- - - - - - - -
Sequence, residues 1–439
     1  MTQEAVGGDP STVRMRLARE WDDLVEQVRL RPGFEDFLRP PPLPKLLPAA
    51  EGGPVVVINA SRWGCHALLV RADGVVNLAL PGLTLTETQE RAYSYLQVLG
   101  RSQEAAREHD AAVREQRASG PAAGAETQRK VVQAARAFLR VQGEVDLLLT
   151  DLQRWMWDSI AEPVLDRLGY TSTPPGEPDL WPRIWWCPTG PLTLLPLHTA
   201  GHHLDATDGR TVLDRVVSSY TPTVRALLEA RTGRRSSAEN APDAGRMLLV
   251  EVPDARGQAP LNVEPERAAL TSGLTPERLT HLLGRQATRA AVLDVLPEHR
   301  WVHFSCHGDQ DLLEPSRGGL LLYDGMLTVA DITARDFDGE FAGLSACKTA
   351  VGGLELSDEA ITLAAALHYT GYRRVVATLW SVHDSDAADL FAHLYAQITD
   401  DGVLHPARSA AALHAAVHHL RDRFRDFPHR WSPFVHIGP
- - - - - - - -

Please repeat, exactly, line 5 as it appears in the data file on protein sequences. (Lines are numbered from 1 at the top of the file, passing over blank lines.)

   151  DLQRWMWDSI AEPVLDRLGY TSTPPGEPDL WPRIWWCPTG PLTLLPLHTA